— What helped you decide that this was the song you wanted to accompany the audience with as they process the thoughts and the emotions they are left with at the end of the show?

PETE: Aretha plays just before Suzie meets the couple – she’s on the bridge, alone. She’s just called Cob and he explicitly says “I will never forgive you and I will make your life a living hell from now on”. Suzie just says “OK”. Such a tough point. Clever too as you think it’s the ending. The choice of “I Apologize” came from Georgi. She must have listened to just about every Aretha song, but when Georgi put “I Apologize” on it… well, we just had to try to license it, even if it pressurized budget decisions on music elsewhere.

ZOË: I think the reason the song works is because, although it’s an apology song, there’s a (Waltz-y) lightness and matter-of-fact-ness to it. Suzie is sorry for the hurt she’s caused, but is also ready to move on. She accepts responsibility, but is beyond the self-pity she felt in episodes four and six. The tone of the song allows more than a glimmer of hope for Suzie’s future, whilst the lyrics don’t let her off the hook entirely – which is a great balance.

  • Vicky: Were there any challenges you faced throughout the process of this project and what was your most memorable moment/highlight of working on I Hate Suzie?

PETE: The biggest crazy challenge was entering a project as lockdown happened.
The entire post was done through that period. So the people management and communication were crazy. There were multiple strong opinions to consider, and when you can’t all get in a room in front of an episode and thrash it out, it’s easy for decisions to hit a stalemate and end up with a bad compromise. That was a huge pressure, to try to get the right decisions and keep the show completely uncompromised when you couldn’t even meet.

The composers Johnny & Nathan were in different countries, so spotting was all on ZOOM… and our music editor was in his home studio. So you can imagine, logistically, it was all about double, triple, quadruple checking every little bit, every edit, mix and version! Luckily I’m very anal on organisation and schedules (some people call me “Spreadsheet Pete”!). I also try to keep conversations about music very clear, transparent, and simple. Music is a really hard thing to put into words, and I have no formal training so tend to speak about music from an emotional or energy point of view – what it does to picture rather than what key it’s in! I hope that helped not getting lost in translation.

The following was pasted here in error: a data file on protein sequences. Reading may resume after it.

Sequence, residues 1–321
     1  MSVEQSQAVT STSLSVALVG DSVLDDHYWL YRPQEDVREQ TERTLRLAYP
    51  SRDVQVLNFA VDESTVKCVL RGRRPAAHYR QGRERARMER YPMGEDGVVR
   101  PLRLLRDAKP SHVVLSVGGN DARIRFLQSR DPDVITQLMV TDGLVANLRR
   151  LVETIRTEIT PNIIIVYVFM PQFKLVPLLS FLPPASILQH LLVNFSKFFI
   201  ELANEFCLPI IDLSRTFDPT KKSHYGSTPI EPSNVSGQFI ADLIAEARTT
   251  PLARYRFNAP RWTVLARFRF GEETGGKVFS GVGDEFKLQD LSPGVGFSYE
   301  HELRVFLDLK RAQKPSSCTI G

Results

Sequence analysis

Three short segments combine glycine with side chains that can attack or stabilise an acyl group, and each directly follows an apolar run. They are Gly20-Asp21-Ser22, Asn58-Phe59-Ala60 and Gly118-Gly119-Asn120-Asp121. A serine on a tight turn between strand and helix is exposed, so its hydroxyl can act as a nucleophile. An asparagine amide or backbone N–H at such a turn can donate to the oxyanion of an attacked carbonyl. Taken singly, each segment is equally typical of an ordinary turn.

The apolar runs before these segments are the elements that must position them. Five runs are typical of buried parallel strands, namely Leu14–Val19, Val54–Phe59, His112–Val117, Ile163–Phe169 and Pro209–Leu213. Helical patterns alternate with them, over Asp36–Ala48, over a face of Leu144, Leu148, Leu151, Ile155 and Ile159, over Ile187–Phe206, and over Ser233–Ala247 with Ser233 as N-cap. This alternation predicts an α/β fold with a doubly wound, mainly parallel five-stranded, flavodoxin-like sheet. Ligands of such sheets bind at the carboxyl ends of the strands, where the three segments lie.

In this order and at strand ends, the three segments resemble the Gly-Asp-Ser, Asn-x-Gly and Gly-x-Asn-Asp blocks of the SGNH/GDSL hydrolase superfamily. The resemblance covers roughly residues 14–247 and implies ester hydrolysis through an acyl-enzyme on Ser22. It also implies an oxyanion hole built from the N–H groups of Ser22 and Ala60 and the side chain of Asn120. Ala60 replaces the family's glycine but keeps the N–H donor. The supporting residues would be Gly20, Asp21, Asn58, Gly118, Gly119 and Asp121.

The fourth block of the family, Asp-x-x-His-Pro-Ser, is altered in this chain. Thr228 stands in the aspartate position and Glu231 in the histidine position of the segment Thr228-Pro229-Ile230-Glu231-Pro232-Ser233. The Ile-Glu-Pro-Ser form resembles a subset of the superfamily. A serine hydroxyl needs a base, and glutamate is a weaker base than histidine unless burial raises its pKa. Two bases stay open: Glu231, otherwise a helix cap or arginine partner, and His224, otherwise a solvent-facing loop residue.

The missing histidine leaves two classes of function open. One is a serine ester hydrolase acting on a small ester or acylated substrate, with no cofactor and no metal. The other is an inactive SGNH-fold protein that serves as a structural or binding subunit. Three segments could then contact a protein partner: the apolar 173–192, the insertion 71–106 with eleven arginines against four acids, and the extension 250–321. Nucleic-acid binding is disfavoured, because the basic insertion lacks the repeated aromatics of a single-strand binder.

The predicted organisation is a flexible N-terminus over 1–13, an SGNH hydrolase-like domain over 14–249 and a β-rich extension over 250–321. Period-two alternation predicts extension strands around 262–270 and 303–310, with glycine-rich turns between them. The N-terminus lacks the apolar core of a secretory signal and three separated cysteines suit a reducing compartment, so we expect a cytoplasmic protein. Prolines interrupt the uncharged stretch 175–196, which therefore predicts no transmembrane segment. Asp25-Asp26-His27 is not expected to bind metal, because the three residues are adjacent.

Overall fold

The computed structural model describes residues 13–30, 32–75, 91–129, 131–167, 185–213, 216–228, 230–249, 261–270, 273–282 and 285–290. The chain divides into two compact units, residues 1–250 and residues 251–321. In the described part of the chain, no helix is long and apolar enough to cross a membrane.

There were so many memorable moments! My over-arching memory is just how much I would laugh and/or have tears in my eyes when watching episodes. The performances, writing, directing. It was very apparent that it was going to be really good. That wasn’t about music, that was just about brilliant scenes. Like when Suzie loses her patience in EP7 and sings “fuck you” to the pretentious director. Or Cob and Carter having a “hug” in the restaurant in EP5 after Carter calls him “mate”… so awkward and brilliantly funny.

ZOË: Aside from working completely remotely during lockdown (!) the biggest challenge was the lack of time we had to clear the almost-20 commercial tracks involved (not to mention creative on all the production music needed). We knew how important certain songs were to the team – including an obscure 1930s Japanese Blues track! – so the race was on. We also oversaw the music edit with music editor Ed Hamilton, who worked directly with Johnny and Nathan on the score. Not exactly a “moment” or “highlight”, but it was an overriding pleasure to work on a great show with three women at the helm.

  • Vicky: What was your favourite scene to watch back after final mixing took place?

PETE: For music cues… I absolutely love “Under The Ivy” by Kate Bush at the end of EP5. Gives me shivers which is what a great scene with a great piece of music should do, amplify everything. I also love how it ends with enough silence on the overhead shot, long enough to be uncomfortable, off-kilter.
I have to name some others; at the opposite end of the spectrum, the coke dealer in the car in EP2 with “End Of The Road” Boyz II Men on the radio – I literally laughed out loud every time I watched that one. J Balvin’s “Mi Gente” in EP1 was a great statement of intent, this was not going to be your standard show. And same as you, “I Apologize” from Aretha at the end, which felt like a classic movie.

ZOË: Definitely Boyz II Men “End Of The Road” in the drug dealer’s car. Continues to be hilarious on every watch. Kate Bush’s “Under The Ivy” in episode five is great too – beautiful. Finally, it’s very satisfying to have Bananarama’s “Cruel Summer” in there – one of my all-time favourites!

Thank you Pete and Zoë for taking the time to speak with us, we wish you both the best and look forward to your future projects!